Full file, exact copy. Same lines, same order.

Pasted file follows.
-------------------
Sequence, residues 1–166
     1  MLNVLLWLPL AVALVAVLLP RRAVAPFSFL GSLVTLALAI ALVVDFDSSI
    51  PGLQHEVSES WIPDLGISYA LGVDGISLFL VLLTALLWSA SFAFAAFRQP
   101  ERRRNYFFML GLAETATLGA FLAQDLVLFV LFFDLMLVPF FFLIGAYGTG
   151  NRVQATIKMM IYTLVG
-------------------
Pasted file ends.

Sequence, residues 1–166
     1  MLNVLLWLPL AVALVAVLLP RRAVAPFSFL GSLVTLALAI ALVVDFDSSI
    51  PGLQHEVSES WIPDLGISYA LGVDGISLFL VLLTALLWSA SFAFAAFRQP
   101  ERRRNYFFML GLAETATLGA FLAQDLVLFV LFFDLMLVPF FFLIGAYGTG
   151  NRVQATIKMM IYTLVG